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Depression And Menopause - The Hormone Connection



The causes of depression are many. Hormones, namely serotonin, regulate your mood and emotional balance. When the level of serotonin drops, it causes fluctuations in your mood and can lead to depression. Estrogen deficiency can also result in depression, which is why many millions of menopausal women will face this problem.

If you suffer from depression you will be experiencing intense feelings of sadness, hopelessness, and melancholy that lasts for two weeks or more at a time.

Depression During Menopause

Between 8% and 15% of women experience some form of depression during menopause, yet it is most likely to afflict women in the perimenopause stage.

What exactly causes this menopausal depression is not yet known, but different theories have been brought forth to explain the increase in mood disorders. One of these theories suggests that the stress of menopause symptoms is the one leading to depression. You may feel that symptoms of menopause are too difficult, since you already have to deal with family, friends, work, etc and menopause may just be what it takes to cause the onset of depression.

Another theory is that menopause depression is due to fluctuating levels of hormones in the body, especially estrogen. Throughout menopause, levels of hormones are constantly changing, and these hormones are linked with the mood centers in the human brain. Thus, when hormones drop, you may experience periods of sadness and hopelessness. At the extreme, this will lead to depression, mood disorders and anxiety issues.

Risk Factors

Do you have a history of mood disorders? Then you may develop depression during menopause, as women who have been depressed during their 20s, stand more chances of seeing their depression reoccur. At the same time, women who have experienced surgical menopause also have an increased risk for depression.

If you are a smoker, have young children, or are experiencing a good deal of stress, you are also more likely to go through some form of depression during this time.

Treatments for Depression During Menopause

Seek professional help right away, if you are experiencing menopause depression. There are many options available to reduce your symptoms and help you to enjoy life again.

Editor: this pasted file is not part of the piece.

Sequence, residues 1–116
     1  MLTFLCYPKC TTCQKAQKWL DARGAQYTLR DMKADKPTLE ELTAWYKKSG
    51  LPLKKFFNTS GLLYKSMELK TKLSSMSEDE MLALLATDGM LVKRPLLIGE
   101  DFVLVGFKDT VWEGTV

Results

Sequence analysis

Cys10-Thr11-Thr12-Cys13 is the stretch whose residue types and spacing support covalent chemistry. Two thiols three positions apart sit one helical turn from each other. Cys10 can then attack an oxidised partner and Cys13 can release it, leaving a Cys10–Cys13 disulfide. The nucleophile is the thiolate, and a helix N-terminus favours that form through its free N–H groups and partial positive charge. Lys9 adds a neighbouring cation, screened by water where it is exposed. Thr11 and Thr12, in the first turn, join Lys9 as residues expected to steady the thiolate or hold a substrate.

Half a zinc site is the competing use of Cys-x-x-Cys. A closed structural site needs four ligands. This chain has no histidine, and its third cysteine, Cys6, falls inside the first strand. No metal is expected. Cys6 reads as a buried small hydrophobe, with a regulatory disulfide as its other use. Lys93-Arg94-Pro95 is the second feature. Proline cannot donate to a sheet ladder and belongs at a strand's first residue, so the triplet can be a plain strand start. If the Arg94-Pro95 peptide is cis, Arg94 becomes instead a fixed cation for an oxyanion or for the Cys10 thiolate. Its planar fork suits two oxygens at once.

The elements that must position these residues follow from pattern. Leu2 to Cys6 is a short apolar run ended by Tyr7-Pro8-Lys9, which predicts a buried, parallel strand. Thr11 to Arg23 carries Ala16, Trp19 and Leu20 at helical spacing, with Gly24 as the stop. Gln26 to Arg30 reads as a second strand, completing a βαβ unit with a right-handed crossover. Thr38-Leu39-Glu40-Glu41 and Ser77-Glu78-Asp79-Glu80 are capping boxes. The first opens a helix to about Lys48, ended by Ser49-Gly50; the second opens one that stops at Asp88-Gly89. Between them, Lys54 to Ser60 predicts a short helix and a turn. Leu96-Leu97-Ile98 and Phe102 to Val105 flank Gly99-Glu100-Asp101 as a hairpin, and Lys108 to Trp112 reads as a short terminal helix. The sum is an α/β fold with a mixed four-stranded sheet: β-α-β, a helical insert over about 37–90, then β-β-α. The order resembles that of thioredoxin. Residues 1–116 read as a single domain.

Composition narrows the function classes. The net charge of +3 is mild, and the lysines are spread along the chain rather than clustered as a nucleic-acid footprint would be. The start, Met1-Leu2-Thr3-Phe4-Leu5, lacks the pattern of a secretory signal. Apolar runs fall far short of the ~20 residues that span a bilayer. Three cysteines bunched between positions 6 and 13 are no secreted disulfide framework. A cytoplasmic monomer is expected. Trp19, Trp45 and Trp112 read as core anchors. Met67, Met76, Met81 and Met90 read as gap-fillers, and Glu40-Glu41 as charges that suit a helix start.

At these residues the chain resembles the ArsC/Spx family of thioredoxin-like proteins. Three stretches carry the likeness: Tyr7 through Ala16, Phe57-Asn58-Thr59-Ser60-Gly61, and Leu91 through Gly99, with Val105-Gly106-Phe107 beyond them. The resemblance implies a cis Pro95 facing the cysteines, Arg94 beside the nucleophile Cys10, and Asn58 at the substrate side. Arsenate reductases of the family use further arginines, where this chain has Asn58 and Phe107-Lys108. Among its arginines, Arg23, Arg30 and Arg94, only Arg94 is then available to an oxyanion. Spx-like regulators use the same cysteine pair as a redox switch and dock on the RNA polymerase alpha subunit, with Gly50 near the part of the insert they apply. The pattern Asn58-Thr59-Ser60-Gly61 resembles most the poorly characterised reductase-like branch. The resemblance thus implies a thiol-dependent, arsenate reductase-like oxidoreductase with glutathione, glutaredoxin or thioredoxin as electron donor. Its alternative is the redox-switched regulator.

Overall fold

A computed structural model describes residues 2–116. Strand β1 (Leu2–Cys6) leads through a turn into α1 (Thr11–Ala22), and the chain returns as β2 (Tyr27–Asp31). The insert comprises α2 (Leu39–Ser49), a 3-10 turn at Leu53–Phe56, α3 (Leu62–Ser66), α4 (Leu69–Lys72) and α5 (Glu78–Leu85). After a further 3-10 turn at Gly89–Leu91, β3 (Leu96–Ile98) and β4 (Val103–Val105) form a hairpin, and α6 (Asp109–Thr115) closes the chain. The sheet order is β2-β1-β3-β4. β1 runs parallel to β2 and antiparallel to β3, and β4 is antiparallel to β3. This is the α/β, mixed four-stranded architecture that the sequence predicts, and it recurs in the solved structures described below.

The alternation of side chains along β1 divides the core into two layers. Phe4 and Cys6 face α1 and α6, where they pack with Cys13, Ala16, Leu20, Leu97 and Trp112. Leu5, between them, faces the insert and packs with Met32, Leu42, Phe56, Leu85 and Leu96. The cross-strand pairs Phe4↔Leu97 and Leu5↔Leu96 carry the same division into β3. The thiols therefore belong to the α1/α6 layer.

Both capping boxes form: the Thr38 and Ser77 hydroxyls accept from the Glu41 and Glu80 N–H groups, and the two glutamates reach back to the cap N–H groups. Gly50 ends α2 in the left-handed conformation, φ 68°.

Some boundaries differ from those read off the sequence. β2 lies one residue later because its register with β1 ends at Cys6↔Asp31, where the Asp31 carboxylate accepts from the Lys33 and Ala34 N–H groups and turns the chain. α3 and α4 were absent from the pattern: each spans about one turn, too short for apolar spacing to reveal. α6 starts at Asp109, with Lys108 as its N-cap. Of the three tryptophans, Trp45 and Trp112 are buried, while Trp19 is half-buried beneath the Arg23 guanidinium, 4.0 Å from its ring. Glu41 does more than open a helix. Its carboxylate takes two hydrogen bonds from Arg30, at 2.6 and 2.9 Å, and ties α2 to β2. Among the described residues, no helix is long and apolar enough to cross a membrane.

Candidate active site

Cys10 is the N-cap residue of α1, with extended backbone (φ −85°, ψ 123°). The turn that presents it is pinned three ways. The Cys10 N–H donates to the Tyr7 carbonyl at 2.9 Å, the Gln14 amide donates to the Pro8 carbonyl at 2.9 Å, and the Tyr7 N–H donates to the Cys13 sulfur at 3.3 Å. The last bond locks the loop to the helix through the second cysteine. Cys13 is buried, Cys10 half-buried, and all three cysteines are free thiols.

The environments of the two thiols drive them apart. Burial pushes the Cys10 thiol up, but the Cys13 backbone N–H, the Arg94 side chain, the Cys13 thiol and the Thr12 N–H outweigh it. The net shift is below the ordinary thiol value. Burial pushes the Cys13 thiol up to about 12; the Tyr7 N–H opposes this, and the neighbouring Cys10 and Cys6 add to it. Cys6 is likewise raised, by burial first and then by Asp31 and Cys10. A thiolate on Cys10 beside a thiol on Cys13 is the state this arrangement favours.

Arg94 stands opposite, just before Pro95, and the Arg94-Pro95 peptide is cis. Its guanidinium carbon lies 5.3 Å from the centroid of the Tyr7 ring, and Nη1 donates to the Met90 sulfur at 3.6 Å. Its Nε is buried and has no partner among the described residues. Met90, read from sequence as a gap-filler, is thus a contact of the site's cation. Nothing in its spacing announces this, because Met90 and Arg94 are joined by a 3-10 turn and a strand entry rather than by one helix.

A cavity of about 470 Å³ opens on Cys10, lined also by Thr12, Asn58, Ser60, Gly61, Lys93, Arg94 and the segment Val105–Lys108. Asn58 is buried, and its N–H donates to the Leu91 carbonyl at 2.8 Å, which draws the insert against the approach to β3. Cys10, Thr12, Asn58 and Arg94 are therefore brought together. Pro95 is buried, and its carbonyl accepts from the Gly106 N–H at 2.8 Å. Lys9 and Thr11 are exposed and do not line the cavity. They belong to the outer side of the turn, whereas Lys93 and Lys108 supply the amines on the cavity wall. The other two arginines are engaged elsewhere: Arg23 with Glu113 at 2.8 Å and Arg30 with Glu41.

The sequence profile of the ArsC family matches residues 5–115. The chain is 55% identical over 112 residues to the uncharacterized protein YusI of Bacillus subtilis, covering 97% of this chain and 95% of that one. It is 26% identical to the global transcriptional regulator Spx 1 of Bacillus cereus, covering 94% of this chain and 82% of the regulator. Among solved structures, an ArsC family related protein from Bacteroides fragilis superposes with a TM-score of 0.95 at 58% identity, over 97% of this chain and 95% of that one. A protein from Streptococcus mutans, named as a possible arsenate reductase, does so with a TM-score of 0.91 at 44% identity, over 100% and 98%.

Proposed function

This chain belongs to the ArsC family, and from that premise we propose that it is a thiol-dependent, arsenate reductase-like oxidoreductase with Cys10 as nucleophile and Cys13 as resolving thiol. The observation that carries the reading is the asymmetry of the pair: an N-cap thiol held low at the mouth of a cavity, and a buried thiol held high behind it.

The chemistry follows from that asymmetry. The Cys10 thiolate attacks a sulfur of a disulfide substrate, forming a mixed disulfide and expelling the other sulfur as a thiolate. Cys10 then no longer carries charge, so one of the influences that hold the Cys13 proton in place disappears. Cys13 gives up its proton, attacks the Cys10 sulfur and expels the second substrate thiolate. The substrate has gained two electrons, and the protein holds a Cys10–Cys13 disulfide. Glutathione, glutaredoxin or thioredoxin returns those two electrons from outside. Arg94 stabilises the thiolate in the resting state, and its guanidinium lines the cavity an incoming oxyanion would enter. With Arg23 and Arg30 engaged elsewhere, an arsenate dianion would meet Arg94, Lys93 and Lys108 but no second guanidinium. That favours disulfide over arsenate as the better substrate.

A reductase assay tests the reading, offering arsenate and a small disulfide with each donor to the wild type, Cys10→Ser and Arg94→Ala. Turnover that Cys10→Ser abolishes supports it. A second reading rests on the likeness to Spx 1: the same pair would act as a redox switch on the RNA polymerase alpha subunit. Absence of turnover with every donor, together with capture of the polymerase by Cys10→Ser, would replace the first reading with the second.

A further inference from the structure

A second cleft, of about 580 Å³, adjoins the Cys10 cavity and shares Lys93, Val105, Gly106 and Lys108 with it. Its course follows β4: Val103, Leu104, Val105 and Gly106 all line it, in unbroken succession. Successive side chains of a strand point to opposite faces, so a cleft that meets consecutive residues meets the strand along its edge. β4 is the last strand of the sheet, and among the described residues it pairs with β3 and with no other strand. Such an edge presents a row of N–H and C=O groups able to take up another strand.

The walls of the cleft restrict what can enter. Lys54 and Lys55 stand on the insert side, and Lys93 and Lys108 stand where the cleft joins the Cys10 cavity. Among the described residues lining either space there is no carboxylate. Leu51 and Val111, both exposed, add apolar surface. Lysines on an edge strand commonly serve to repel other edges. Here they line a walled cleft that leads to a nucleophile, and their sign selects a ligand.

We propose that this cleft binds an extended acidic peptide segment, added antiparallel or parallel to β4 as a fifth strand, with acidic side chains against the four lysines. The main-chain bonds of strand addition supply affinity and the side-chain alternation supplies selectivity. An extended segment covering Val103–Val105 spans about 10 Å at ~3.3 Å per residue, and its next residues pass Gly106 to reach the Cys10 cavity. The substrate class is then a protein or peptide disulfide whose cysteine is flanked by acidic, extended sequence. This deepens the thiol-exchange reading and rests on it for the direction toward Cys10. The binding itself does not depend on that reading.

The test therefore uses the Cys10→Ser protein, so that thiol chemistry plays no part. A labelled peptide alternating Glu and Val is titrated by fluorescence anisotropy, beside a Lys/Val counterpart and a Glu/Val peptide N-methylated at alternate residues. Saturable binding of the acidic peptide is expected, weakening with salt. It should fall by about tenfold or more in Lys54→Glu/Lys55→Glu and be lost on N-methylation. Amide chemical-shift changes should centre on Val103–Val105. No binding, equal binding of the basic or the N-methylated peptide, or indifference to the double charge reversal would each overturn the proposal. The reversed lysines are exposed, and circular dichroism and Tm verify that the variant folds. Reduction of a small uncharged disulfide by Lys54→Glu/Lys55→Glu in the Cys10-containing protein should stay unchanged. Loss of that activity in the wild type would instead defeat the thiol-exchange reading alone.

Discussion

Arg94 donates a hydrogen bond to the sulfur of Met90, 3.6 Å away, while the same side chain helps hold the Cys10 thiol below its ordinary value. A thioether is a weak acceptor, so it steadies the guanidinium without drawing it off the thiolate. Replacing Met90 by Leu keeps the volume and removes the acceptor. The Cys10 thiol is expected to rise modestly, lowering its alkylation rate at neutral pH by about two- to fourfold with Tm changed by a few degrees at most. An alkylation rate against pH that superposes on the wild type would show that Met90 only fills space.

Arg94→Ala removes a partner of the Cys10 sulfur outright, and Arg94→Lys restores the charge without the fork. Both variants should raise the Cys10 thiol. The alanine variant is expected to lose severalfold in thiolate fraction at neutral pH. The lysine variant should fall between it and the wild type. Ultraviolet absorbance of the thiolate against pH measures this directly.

Treatments may include nutritional support, nutritional supplements, bioidentical hormone replacement, estrogen therapy and conventional anti-depressant medications.

Along with professional treatment, there are several other ways in which you can help yourself feel better.

Ask for support from others

It is very important that you get support for you and tell your needs to those around you. Ask for help with your housekeeping, preparing meals and the daily chores. Don't feel you have to do it all yourself.

Exercise

Exercising helps treat depression by releasing the body's mood-elevating compounds, while reducing the stress hormone cortisol,. Even exercising 10 minutes has some beneficial effects.

Stress Management

Depression is made far worse if you add stress to the mix in women. Be sure to identify stressors that you are putting on yourself and start setting priorities and boundaries. Decide what you can and cannot handle and stick to your plan. Alternative therapies, such as accupuncture and massage therapy can be extremely beneficial in lowering the stress response.

Nutrition

Vitamin B complex may be helpful in restoring mood balance. Also keep in mind that calcium and magnesium must be present in proper balance to one another. Be sure to purchase a high quality form of magnesium/calcium. Your local health food store should be able to recommend a specific formulation.

Remember, depression and menopause do not have to go hand in hand. Seek professional assistance to fully explore any hormone imbalances.


Womens Reproductive Health

When it comes to womens reproductive health, there are a lot of questions that can be asked. If you have a question it's always best to see a doctor and ask him or her in person. After all, they went to school for years to specialize in the subject, it'd be a shame if they never got to utilize their skills. Besides going to a womens health specialist, your best bet is to get online, head to a library or even ask your friends. Usually, a poll of ten or so female friends can tell you if something is normal or an issue you should be concerned about.
Online Hospital | World Health Organization
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